this weekend and some of last week.  Way back in the HTML 3.0 proposal, a tag named 
Q came along, to demarcate inline quotations.  Q got accepted into the 3.2 spec, and 
carried over into 4.0.  Fine and dandy.  From a rendering viewpoint, Q is extremely 
simple to handle except where the CITE attribute is concerned: put quotes around the 
contents, alternating as needed when one Q tag is nested inside another.  Considering 
how long this tag's been in the specs, this should be almost universal by now, right?  
Wrong; the only currently-available browser I can find which handles Q properly is 
Lynx, starting with version 2.6.  Netscape and Microsoft have both utterly ignored this 
part of the specs, making them noncompliant.  (To be fair, the Gecko build I have 
correctly handles Q - but as Gecko is still pre-alpha, I can't really count that.)

> On the other hand, standardization has many costs, of which the most
> obvious are the initial cost of implementing more than you need to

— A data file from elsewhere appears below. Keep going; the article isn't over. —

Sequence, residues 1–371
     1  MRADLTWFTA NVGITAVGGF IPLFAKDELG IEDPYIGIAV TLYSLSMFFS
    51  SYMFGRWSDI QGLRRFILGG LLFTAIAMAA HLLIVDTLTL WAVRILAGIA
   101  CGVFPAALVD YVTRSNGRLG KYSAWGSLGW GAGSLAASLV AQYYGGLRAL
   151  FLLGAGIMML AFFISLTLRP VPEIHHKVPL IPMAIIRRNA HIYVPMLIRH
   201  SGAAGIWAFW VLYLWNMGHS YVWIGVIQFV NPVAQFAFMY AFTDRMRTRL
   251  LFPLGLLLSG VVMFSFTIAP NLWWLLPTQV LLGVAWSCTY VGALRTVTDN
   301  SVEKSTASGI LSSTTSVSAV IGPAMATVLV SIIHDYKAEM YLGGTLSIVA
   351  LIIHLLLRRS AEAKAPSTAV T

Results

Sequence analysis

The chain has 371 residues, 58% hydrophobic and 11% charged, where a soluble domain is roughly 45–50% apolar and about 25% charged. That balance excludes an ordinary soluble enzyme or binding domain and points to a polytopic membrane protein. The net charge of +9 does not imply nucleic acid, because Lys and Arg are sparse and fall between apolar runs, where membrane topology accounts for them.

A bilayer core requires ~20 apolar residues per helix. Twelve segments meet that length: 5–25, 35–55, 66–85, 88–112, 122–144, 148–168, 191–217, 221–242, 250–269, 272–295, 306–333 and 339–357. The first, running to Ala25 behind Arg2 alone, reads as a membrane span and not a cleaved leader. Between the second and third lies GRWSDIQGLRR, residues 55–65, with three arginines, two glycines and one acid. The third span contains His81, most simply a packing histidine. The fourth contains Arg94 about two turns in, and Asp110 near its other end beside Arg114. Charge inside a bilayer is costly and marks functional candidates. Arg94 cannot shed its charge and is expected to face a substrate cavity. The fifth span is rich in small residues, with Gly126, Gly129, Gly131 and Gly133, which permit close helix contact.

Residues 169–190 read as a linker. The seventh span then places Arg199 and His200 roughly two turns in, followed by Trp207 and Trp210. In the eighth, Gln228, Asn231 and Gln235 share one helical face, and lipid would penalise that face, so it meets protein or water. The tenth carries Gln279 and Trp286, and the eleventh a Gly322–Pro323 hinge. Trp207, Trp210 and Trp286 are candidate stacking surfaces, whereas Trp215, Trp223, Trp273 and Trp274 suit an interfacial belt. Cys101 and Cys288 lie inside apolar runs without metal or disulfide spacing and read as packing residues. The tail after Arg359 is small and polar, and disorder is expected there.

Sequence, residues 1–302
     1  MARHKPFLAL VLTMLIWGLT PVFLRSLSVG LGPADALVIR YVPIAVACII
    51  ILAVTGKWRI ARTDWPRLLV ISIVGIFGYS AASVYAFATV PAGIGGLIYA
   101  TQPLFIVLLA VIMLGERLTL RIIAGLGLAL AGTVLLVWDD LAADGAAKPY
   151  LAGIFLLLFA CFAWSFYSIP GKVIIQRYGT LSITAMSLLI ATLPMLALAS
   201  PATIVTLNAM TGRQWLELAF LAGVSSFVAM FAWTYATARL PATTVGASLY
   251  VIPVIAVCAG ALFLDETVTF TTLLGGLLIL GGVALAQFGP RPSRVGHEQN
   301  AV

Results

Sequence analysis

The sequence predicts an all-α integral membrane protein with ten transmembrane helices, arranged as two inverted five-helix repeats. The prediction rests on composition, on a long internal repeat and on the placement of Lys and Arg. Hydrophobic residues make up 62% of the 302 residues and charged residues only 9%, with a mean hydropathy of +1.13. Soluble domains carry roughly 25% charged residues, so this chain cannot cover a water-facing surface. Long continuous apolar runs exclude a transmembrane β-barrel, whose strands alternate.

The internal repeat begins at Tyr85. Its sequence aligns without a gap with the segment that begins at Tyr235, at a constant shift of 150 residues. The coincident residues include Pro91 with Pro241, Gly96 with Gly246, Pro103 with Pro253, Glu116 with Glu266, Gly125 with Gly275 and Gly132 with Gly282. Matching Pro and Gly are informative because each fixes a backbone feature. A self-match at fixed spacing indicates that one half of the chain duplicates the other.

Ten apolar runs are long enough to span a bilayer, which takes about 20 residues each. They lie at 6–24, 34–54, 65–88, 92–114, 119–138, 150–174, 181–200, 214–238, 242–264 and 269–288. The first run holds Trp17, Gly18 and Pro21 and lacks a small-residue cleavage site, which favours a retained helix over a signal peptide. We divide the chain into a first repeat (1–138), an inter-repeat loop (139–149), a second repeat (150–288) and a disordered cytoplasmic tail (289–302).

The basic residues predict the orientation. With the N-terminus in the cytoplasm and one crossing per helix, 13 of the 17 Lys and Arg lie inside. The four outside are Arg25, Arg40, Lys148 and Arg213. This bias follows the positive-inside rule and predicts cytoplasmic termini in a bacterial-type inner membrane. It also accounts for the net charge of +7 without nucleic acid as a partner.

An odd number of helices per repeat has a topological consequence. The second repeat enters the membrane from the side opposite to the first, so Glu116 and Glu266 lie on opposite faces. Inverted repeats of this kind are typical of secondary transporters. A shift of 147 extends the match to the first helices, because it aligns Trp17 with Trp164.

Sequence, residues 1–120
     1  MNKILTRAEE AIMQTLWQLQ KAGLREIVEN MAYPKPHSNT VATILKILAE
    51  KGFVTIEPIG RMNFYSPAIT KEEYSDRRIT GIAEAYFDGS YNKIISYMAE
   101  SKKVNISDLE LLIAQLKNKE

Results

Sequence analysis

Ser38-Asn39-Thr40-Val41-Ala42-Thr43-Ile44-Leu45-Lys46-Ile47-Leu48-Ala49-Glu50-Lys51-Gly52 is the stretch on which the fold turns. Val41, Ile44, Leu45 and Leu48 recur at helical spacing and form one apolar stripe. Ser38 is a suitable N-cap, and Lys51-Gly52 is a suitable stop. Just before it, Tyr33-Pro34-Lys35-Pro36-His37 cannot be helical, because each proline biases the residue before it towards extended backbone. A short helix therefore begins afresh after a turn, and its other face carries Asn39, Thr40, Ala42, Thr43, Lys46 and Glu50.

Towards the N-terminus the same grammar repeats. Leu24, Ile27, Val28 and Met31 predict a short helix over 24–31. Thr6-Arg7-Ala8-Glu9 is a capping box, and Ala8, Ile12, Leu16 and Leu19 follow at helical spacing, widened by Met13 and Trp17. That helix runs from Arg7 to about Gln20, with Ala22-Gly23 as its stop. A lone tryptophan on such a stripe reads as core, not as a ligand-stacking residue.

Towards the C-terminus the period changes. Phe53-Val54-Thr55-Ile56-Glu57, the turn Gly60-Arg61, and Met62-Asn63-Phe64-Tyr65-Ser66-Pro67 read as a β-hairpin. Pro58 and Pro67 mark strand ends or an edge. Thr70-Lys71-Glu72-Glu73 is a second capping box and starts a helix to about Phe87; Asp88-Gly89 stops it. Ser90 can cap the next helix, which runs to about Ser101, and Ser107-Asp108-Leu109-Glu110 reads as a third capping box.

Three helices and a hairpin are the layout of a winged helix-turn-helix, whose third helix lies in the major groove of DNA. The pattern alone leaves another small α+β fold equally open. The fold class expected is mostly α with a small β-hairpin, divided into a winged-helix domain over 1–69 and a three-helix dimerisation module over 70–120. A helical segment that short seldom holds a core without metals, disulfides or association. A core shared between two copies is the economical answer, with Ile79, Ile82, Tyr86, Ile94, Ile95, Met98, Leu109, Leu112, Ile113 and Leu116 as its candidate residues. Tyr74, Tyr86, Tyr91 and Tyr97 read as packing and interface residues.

> (since standards are necessarily a superset of the needs of any
> specific set of users) and the risk of committing to an inappropriate
> solution prematurely and squashing real innovation.

And here I thought the whole reason for a standards ratification process and a 
Consortium to oversee it was to address exactly those points.  By the time a specification 
gets to the status of a Recommendation, it has been hashed over much more thoroughly 
than most federal laws; we can hardly consider this result a rash, premature conclusion.

> If a standard is successful, the network effect can more than
> compensate for the negatives, but most standards simply fail and leave
> the early implementors out of pocket.  The problem is that,
> traditionally, standardization has solved existing problems: everyone
> had trains but they could not run on the same rail gauge, or there
> were many different phone companies but customers from one could not
> call customers from another another, or every public house used a